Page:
I had seen a fun problem that is exactly the problem in the question, except it was a specific case of this. Turns out, if $x+y+z=1,x^2+y^2+z^2=2,x^3+y^3+z^3=3,$ then $x^5+y^5+z^5 = 6$. I put this equation into Wolfram Alpha for different values of $n$. For instance, $x^8+y^8+z^8=\frac{51}{72}$. $x^{11}+y^{11}+z^{11}=\frac{11117}{216}.$

Firstly, is there an explicit expression to evaluate $x^n+y^n+z^n$? And, if not, are we able to prove that this is always a rational number, at least? WolframAlpha is unable to calculate an explicit form for $x^n+y^n+z^n$.


2 Answers 2


None of the calculations we need are mysterious, but one might need some experience dealing with symmetric functions and their relations to know what to look for.

We denote $x^n+y^n+z^n$ by $p_n$. You can verify the following inductive formula:

$p_n = (x+y+z)p_{n-1}-(xy+yz+zx)p_{n-2}+(xyz)p_{n-3}$

We can calculate the coefficients of the $p_i$ above as follows:

$x+y+z = 1$

$xy + yz + zx = \frac{(x+y+z)^2 -(x^2+y^2+z^2)}{2} = \frac{1^2-2}{2} = -\frac{1}{2}$

$xyz = \frac{(x^3+y^3+z^3)-(x+y+z)(x^2+y^2+z^2-xy-yz-zx)}{3} = \frac{3-1 \cdot (2-(-\frac{1}{2}))}{3} = \frac{1}{6}$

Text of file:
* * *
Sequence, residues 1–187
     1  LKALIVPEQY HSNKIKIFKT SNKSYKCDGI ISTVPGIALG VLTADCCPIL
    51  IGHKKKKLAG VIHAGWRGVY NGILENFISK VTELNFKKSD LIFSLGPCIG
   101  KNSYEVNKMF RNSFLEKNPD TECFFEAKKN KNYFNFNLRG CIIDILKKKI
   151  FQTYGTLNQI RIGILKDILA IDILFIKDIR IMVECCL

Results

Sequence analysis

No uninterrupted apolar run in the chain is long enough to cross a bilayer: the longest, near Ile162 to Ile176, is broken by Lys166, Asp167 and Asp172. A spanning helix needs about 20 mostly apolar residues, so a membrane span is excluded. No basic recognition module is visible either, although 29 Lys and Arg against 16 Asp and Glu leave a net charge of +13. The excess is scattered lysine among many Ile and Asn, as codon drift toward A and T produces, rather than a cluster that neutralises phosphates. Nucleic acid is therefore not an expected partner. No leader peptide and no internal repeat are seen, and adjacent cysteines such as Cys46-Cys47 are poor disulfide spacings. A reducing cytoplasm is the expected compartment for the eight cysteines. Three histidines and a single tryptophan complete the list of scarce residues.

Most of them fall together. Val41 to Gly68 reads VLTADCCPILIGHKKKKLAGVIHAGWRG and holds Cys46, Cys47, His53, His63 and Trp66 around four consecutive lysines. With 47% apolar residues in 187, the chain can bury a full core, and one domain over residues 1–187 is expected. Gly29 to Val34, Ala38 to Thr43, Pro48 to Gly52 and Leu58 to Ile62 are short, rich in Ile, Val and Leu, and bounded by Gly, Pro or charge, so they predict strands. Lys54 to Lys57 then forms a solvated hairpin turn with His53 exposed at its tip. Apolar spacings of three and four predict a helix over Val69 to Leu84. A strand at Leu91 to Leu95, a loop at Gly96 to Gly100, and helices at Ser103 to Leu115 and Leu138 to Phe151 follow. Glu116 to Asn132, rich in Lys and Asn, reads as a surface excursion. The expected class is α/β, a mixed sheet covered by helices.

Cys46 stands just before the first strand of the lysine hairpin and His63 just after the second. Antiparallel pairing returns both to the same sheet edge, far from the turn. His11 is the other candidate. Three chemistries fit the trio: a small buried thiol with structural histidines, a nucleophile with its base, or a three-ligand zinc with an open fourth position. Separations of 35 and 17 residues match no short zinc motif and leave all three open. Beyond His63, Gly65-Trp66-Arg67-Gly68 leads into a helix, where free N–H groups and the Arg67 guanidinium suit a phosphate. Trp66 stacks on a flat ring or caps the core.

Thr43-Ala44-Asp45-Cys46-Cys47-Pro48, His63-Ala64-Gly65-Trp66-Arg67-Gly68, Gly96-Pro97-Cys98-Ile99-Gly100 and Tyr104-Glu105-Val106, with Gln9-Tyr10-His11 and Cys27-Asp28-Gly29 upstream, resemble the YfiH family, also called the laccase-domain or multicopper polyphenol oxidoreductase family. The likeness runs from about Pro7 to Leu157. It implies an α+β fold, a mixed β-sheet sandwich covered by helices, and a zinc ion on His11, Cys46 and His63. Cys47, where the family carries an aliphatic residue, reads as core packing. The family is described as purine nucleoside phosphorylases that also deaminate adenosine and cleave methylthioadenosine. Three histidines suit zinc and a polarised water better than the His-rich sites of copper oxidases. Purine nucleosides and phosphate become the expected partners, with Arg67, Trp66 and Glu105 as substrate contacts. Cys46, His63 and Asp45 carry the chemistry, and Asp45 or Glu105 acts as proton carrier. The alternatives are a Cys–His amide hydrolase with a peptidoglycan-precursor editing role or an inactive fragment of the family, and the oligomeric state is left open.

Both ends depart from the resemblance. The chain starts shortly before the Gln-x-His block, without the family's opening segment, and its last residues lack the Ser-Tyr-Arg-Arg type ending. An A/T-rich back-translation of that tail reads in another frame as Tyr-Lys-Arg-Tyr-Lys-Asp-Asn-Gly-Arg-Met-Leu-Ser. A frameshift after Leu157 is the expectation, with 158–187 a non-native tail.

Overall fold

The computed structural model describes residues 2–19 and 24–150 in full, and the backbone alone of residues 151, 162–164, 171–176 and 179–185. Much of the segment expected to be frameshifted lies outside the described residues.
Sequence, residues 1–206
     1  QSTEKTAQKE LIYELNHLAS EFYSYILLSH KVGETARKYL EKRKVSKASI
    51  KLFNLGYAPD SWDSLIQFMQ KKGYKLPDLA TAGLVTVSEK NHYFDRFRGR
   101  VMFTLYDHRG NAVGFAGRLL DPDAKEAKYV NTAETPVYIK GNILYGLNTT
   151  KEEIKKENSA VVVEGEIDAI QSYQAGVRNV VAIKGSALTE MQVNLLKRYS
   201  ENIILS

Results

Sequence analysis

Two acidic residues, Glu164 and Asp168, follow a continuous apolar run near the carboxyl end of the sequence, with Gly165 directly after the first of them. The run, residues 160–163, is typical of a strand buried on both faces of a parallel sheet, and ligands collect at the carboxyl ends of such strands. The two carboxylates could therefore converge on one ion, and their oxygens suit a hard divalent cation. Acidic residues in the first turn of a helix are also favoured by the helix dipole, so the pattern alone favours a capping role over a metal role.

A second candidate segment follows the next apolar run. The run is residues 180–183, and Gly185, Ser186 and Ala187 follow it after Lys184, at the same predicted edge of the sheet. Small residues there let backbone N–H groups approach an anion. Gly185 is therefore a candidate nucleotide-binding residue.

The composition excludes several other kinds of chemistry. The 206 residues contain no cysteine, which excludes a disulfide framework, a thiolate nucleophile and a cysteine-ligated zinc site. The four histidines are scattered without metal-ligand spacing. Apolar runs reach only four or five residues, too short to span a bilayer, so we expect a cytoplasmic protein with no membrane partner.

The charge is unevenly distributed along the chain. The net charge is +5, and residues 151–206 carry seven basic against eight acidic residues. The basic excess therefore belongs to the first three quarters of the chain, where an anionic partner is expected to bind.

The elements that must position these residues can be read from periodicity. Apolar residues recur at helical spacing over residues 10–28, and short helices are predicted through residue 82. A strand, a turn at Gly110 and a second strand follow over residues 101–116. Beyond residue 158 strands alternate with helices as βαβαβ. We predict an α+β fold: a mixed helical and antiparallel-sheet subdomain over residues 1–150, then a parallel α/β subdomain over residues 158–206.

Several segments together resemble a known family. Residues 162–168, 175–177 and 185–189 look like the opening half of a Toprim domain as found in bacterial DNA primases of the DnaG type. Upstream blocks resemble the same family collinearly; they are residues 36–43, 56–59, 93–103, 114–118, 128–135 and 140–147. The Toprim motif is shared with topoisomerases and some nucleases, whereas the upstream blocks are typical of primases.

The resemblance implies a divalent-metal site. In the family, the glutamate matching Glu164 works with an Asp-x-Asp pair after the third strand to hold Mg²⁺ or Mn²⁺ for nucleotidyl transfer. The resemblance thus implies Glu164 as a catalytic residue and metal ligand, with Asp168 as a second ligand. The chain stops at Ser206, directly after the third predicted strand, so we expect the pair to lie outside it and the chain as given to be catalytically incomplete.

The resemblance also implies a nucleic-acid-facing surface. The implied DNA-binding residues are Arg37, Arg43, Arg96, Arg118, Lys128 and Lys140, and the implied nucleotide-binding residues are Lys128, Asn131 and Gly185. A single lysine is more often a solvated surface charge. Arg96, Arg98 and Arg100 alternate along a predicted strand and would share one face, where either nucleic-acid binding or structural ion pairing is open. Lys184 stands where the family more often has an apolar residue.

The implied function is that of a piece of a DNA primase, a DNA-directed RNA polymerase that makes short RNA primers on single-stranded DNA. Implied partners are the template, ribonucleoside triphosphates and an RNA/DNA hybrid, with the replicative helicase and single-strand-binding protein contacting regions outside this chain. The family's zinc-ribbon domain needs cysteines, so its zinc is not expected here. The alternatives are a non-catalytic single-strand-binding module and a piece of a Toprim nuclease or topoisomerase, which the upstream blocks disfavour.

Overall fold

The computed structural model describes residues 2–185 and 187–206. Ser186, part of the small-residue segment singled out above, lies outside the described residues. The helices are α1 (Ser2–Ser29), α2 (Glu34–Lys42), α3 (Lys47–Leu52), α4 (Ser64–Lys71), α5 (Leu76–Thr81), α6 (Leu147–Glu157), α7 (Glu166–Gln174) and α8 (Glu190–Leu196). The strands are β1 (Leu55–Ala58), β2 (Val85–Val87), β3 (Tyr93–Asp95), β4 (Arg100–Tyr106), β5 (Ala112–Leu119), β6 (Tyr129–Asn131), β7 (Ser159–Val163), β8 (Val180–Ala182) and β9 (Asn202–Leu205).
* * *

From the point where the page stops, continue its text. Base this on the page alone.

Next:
Thus our inductive formula becomes

$p_n = p_{n-1}+\frac{1}{2}p_{n-2}+\frac{1}{6}p_{n-3}$

It is clear from this recursive equation that all of the $p_n$ will be rational numbers, since $p_1, p_2$ and $p_3$ are rational numbers. In fact, it even follows that the denominator of $p_n$ will be of the form $2^a3^b$ for some non-negative integers $a$ and $b$. For an explicit form we could look at roots of the characteristic/auxiliary polynomial of the corresponding recursive equation. In this case we get


whose roots are not that nice. However, Wolfram Alpha gives an explicit formula. Then again, one could perhaps just solve the original system directly to find $x$, $y$ and $z$.


Yes. In https://en.m.wikipedia.org/wiki/Symmetric_polynomial, look at Power-sum Symmetric Polynomials in the section Special kinds of symmetric polynomials


This site is temporarily in read-only mode and not accepting new answers.

Not the answer you're looking for? Browse other questions tagged .